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In The News > "Years In The Making"

Years in the making

19 Oct – 8 Nov
Vol. 4 Issue 1
By Kathryn Bowen

“Stormy” doesn’t accurately describe the journey the Santa Ynez Valley Community Plan (SYVCP) has had since it’s inception, but after six years and 56 public meetings, it will now move forward into the Environmental Impact Report (EIR) stage.

On September 26th, the Board of Supervisors voted 3-2 to initiate the plan with the adoption of a subcommittee report containing nine recommendations drafted in response to public testimony received during a special hearing held at the Veterans Hall on September 13th.

“These nine points are very much the expression of the community,” Supervisor Firestone appealed to the Board. “It is logical. It preserves the valley and it certainly is the expression of the people of the Santa Ynez Valley.”

Supervisor Gray continually expressed how shocked she was by how much agreement existed with the people of the Valley with what they wanted and she agreed with what had been set forth in the subcommittee report, “because I was there and listened to what the Santa Ynez folks had to say.”

“I only heard two people that thought we shouldn’t go forward with the EIR on the plan,” said Gray, noting that the “Valley folks seem to feel that we need to take the next step.”

Supervisor Firestone strongly urged the entire Board to support the plan moving forward with the adoption of all nine recommendations.

The plan moves forward, but not without its critics. Concern remains over not what it contains, but what it leaves out.

Trails Removed
“I’m particularly troubled by the removal of trails,” said Supervisor Rose. “No one is forced to put a trail on their property, but the only way to get public trials is to have them identified at some point on official maps,” she says.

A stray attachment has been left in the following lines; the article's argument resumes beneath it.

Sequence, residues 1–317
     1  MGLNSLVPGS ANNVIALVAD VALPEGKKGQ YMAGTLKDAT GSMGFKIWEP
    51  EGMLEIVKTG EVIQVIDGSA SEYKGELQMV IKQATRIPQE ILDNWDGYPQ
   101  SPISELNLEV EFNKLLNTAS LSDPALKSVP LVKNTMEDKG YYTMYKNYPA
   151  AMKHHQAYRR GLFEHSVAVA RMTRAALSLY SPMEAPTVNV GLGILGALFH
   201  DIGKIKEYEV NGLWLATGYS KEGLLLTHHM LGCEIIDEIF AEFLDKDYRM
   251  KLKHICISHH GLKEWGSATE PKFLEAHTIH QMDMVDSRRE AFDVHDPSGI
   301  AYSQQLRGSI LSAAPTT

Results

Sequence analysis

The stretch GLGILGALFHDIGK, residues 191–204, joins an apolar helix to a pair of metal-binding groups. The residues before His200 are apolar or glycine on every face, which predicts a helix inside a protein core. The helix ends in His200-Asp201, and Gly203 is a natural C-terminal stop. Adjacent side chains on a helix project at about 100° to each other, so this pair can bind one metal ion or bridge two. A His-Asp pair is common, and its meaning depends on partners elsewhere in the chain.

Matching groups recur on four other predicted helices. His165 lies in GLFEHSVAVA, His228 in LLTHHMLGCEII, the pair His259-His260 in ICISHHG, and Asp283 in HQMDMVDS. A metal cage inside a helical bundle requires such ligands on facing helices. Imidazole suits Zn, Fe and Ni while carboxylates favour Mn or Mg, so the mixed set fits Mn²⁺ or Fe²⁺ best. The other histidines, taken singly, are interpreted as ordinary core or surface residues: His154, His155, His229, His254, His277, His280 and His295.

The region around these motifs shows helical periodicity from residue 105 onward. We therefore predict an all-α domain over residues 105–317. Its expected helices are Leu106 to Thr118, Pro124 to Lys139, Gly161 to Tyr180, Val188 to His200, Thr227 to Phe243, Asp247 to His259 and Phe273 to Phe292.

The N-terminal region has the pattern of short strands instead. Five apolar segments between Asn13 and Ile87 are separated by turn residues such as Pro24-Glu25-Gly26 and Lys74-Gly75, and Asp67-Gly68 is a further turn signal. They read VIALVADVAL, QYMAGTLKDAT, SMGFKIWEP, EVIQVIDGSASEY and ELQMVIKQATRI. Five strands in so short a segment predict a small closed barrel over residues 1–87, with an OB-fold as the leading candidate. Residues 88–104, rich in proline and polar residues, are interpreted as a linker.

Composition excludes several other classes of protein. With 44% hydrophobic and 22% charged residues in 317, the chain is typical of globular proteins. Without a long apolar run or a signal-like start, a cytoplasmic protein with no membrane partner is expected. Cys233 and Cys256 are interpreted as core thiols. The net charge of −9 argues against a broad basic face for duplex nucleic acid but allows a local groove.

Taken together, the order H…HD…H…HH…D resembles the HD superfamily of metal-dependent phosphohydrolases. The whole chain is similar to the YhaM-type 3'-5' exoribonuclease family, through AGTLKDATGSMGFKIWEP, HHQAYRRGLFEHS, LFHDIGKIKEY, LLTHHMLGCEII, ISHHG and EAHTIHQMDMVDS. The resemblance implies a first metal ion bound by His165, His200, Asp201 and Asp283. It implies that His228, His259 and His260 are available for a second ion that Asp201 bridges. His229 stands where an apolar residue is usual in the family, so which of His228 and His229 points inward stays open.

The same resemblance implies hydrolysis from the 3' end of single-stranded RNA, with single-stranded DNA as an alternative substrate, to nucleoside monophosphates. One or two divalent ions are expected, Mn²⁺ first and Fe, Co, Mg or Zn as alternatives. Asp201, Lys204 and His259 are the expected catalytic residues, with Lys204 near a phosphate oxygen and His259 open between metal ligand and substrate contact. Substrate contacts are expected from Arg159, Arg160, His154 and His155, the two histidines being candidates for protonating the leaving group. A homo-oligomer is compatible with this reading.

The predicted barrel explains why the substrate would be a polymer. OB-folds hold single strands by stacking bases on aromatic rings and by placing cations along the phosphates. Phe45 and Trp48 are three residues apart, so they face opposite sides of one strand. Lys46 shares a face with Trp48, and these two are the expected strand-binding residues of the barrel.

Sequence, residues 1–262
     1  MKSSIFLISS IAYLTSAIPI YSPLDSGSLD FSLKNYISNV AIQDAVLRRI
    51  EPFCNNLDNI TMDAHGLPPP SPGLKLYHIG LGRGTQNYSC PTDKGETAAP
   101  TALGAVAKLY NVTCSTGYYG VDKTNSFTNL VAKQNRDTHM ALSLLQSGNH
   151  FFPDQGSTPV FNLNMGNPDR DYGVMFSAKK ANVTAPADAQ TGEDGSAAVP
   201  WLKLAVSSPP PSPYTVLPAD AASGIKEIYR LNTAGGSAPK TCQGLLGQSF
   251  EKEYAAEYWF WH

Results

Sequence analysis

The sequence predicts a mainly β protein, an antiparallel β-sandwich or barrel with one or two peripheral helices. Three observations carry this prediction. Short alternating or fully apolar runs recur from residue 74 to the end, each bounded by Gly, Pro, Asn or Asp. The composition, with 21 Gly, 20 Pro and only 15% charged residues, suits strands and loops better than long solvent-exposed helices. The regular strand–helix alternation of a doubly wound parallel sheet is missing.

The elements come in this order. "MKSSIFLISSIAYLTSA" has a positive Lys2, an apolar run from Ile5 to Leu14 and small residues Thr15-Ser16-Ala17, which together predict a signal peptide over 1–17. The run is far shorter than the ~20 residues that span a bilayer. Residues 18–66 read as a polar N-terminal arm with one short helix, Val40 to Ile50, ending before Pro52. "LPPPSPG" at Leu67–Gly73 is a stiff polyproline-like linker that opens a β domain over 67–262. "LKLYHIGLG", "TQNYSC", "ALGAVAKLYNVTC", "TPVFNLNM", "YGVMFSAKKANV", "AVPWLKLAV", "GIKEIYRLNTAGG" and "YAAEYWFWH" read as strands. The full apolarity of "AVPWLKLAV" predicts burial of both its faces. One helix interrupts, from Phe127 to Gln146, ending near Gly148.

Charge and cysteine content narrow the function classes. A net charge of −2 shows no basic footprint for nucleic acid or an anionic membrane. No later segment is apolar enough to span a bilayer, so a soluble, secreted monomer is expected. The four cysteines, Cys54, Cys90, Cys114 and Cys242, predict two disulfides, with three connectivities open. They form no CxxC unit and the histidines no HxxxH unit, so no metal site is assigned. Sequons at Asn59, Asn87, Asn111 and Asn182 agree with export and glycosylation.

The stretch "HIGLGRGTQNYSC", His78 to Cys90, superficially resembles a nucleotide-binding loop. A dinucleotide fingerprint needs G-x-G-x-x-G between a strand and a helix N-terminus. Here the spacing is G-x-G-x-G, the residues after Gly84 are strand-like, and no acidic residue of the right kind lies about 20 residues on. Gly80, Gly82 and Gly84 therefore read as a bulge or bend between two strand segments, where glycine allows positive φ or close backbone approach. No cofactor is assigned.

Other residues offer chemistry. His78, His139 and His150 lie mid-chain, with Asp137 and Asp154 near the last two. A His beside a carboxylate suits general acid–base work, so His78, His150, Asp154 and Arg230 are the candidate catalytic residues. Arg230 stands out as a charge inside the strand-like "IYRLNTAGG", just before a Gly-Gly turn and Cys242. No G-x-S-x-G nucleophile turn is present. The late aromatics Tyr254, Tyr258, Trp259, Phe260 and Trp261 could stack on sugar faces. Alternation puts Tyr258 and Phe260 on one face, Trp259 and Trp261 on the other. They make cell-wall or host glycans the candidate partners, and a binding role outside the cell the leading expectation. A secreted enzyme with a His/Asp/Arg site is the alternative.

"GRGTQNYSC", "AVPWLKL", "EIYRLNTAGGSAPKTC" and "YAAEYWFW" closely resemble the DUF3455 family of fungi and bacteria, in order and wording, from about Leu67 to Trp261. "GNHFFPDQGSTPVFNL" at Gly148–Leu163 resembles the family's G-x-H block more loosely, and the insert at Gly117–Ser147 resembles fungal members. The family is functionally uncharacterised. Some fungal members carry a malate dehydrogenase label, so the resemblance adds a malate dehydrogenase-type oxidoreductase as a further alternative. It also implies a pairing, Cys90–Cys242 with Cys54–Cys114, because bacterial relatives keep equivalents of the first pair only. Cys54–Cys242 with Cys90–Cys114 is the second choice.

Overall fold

Supervisor Carbajal concurred and stated that the majority of communities place a major premium on trails and expressed disappointment that the subcommittee report requested trails to be removed.

Supervisor Carbajal was truly dissatisfied over the removal of trails and concluded, "It's difficult to even consider this a plan. It takes the guts out of very important fundamental issues that are important for citizens and in the public interest.”

Steve Pappas, Administrative Director for POLO and POSY disagrees, “In a master planned community where public trails are planned at the onset, the concept of trails makes sense, but not in the Santa Ynez Valley.”

There is overwhelming support in the Valley for no trails over private property and has been expressed very clearly at the special hearing and over the many years.

“The Valley is about ag, farming and ranches,” Pappas says, “not about recreational horse or any other kind of trails that go through people’s private property.”

Historic Sites Removed
The Historic Sites (Appendix I) referencing over a hundred potential historic sites in the plan was also removed because of concern to many landowners that it would pose a potentially burdensome classification status on their properties. Many landowners stated they had no prior notification or consultation that their properties would appear on this list and that the criteria used to place these properties on the list wasn’t defined.